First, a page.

“We are seeing an increase in hot events in Canada that is greater than average global warming,” said Nathan Gillett, a research scientist in environment and climate change in Canada. “Canada’s average warming is twice the global average warming. The maximum temperatures are also increasing at a similar rate. And it’s not just the extremes and the hottest, but the minimum temperatures, and the night minimums that are increasing as well.”
widespread in nature
Average temperatures in Canada have already risen by 1.7 degrees Celsius, and the country is warming more than twice as fast as the planet Earth.
Increased heat waves with above-average temperatures during the day and night are affecting sensitive animals and ecosystems, as well as crops.
a A study published in the journal Global Change Biology Last October it was discovered that night temperatures are rising in most parts of the world. In those areas that experienced more warmer during the night than during the day, there was more cloud cover, higher precipitation and more humidity. This can affect nocturnal animals, but also animals that are active during the day and that use cool nighttime temperatures to recover from heat stress.
“[The changes] Increase the limits that nocturnal species can operate. Institute for Environment and Sustainability, said Daniel Cox, lead author of the study and one of the UK researchers at the University of Exeter.
New set of metrics
With climate change, governments are finding that they need a new set of metrics for extreme heat events.
In the year 2013, Australia has added new colors to its heat maps, The temperatures were higher than anything they had experienced in the past.
Recently, on Tuesday, The UK Met Office has issued its first warning of sweltering temperatures as temperatures are expected to soar into the 30s in parts of the country. Daytime temperatures in the 30s may not seem high compared to some parts of Canada, but it all comes down to what people are used to.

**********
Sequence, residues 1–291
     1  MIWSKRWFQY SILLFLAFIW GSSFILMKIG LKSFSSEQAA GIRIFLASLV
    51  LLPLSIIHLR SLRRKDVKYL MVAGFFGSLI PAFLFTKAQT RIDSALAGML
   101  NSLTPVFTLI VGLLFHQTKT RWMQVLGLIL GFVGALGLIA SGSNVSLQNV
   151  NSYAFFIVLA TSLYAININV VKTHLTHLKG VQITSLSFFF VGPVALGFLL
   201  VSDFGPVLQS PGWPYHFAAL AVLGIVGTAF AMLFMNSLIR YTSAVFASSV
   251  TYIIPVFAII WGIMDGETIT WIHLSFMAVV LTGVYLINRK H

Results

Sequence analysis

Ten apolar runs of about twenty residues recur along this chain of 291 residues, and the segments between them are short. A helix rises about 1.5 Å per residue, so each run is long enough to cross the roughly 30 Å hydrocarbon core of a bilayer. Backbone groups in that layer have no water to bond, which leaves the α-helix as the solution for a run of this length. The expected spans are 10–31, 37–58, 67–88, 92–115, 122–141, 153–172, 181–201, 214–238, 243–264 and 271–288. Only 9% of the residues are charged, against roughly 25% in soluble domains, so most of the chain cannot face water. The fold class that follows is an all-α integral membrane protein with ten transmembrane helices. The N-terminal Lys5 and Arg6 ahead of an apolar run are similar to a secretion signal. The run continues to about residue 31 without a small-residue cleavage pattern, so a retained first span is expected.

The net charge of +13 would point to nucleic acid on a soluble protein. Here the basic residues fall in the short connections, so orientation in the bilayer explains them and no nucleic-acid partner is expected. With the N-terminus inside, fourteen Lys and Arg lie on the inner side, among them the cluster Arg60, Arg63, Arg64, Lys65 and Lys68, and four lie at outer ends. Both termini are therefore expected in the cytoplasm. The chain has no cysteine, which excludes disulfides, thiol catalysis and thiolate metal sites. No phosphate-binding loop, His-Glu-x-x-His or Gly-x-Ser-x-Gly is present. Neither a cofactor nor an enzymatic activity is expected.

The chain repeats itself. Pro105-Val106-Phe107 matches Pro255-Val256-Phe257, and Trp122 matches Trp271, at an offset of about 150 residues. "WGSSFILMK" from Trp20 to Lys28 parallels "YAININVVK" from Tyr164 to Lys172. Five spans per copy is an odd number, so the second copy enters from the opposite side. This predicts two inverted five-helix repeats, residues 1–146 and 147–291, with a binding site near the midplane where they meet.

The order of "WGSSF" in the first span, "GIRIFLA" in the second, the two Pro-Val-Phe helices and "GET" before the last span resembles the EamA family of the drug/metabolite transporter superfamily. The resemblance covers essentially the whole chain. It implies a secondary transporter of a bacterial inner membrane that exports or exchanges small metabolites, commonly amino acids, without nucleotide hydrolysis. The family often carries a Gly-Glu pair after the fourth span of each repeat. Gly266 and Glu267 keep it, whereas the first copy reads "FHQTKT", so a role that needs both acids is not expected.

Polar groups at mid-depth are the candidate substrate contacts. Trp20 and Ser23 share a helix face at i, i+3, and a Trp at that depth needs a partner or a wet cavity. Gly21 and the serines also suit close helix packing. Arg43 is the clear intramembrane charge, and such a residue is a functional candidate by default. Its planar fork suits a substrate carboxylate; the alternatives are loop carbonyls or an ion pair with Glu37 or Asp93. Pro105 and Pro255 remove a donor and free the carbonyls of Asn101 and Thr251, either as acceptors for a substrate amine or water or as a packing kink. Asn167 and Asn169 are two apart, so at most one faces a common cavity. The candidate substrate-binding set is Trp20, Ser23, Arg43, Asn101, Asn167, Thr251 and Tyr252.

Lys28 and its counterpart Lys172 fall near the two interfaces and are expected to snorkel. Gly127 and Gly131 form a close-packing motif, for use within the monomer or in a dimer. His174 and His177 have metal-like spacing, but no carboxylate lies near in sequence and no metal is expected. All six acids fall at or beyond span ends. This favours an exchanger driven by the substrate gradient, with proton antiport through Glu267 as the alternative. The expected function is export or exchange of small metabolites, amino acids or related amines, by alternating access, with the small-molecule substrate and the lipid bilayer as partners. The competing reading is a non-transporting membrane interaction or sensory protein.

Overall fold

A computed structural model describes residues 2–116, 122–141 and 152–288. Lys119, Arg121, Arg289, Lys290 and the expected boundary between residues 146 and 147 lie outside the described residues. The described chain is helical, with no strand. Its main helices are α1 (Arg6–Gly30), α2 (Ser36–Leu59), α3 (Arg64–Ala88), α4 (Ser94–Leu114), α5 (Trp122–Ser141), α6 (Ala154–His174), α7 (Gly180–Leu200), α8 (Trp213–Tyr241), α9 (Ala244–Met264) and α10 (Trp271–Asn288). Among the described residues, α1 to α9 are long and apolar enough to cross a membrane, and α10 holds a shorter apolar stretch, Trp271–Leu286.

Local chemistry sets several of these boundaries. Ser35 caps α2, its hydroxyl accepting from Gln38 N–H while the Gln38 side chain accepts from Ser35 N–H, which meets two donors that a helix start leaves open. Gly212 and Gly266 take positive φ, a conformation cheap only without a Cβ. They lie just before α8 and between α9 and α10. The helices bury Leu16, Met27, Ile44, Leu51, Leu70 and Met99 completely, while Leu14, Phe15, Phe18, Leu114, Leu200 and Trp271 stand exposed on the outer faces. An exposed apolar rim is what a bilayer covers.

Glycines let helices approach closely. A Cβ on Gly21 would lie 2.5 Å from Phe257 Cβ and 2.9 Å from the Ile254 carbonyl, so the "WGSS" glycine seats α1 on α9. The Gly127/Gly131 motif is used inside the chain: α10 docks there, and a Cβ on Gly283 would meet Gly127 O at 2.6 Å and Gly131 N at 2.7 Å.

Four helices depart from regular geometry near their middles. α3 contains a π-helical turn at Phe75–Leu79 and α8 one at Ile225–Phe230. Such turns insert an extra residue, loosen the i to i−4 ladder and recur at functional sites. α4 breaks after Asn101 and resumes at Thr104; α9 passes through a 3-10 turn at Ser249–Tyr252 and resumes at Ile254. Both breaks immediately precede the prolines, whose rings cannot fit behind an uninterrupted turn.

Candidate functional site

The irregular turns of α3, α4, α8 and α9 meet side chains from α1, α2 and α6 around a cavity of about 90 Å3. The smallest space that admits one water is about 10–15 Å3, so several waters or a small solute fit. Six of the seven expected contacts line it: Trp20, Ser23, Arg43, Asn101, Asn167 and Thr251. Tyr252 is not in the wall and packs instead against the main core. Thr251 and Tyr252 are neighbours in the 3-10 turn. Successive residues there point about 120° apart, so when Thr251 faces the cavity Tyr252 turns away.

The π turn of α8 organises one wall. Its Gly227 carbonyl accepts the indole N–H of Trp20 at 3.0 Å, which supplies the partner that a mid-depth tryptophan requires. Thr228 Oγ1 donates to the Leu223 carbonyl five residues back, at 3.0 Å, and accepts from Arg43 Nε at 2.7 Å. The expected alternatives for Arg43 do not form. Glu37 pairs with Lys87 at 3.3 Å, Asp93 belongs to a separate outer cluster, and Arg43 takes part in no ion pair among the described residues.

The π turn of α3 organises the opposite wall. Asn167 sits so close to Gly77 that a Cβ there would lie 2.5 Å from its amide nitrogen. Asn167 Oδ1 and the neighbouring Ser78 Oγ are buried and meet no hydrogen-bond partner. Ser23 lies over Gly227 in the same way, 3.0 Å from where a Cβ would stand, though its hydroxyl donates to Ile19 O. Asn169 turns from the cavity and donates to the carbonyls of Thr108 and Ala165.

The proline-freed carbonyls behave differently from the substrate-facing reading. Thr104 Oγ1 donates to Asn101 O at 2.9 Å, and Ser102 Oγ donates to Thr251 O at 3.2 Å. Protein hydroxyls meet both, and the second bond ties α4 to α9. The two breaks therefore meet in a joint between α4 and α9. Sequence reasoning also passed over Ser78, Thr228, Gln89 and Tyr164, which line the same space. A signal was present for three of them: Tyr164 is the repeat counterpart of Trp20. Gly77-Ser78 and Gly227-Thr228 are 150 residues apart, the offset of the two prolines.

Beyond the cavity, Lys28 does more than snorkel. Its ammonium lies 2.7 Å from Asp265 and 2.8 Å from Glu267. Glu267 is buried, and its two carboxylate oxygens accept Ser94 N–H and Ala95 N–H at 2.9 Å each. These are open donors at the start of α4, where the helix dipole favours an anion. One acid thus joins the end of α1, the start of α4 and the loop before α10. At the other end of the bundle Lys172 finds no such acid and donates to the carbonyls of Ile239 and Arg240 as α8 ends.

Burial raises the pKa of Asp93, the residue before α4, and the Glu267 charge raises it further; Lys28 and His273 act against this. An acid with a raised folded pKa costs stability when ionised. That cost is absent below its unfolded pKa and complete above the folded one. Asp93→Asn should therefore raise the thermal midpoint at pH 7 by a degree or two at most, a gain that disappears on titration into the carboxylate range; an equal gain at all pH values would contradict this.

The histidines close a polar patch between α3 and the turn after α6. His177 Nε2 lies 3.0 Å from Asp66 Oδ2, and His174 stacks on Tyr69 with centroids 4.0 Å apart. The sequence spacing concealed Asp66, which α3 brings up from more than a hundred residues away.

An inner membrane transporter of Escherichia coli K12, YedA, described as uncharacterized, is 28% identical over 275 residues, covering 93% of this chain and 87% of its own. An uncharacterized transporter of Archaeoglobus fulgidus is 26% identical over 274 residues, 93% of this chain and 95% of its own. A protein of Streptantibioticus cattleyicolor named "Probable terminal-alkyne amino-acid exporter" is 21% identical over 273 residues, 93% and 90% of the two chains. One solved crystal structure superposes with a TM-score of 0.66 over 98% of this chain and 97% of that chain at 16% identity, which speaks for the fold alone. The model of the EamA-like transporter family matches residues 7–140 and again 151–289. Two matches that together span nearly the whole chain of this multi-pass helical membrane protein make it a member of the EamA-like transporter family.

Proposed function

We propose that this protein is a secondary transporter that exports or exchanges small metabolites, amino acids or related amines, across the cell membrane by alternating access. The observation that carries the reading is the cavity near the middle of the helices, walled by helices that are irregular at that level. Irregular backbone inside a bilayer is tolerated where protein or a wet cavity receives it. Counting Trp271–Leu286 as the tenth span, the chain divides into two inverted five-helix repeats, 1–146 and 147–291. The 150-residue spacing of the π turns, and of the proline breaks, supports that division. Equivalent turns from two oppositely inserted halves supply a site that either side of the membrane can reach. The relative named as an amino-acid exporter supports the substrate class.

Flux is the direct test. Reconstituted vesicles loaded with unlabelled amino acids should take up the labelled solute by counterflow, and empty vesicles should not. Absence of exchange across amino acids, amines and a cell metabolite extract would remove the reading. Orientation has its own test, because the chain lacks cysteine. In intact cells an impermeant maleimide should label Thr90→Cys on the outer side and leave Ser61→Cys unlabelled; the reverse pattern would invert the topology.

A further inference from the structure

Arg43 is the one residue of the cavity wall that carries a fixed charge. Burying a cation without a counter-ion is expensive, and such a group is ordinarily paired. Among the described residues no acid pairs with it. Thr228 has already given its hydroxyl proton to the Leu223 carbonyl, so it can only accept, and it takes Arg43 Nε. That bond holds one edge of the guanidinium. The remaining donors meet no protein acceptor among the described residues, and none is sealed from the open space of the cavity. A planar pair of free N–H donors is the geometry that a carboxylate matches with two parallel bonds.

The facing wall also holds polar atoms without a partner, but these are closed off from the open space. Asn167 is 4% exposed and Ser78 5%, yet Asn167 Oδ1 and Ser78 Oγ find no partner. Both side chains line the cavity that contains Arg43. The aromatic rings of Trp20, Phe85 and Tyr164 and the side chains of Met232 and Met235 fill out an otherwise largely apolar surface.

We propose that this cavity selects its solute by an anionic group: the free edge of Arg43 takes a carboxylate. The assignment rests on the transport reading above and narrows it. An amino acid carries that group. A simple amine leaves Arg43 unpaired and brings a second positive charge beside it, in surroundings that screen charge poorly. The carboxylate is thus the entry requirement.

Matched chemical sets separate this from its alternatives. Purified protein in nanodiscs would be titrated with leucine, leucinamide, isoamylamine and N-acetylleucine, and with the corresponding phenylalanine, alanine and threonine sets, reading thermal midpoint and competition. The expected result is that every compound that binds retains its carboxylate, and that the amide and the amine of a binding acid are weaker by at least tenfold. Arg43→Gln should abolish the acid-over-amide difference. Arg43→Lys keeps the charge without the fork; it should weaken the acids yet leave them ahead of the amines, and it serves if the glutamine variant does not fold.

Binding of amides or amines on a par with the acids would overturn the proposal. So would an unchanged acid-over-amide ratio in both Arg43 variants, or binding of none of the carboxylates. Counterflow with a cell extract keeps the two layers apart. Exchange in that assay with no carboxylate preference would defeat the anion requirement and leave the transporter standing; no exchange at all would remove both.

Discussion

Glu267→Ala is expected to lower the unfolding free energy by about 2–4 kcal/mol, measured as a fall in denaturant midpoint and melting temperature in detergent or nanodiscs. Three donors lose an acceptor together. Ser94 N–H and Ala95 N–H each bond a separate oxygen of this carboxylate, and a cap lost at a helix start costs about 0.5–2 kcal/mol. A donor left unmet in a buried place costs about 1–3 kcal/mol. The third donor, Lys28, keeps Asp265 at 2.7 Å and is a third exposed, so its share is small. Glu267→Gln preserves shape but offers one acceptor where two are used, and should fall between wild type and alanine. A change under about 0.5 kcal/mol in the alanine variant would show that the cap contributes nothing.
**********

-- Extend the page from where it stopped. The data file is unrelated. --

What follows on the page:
This is how all Junes have been stacked since 1880.
This is the northern hemisphere temperature anomaly compared to the 1951-1980 long-term average. pic.twitter.com/97Bn0SnuGn
In another example of how governments are trying to adapt to rising temperatures, a team from the National Institute for Scientific Research (INRS) in Quebec, along with the National Institute General of Quebec (INSPQ) announced on Wednesday that New warning threshold for heat wave in the province It must be submitted. The warm seasons in Quebec start earlier and end later, the researchers said.
As the Earth continues to warm, air conditioning may seem like a possible solution. The problem is that power is required to run it, and that also produces heat. Cities create “heat islands” where heating is amplified by concrete structures, putting more pressure on people living in hotter climates. Some cities like Toronto And the Montreal It is trying to introduce greener building codes and designs to address this.
“[Heat waves aren’t] “Something we think of as a major risk in Canada, but as the climate warms, we will see this more and more,” Gillette of Environment and Climate Change Canada said. Heat waves cause deaths and are dangerous. And yes, it is something… we will see more and more here in Canada.”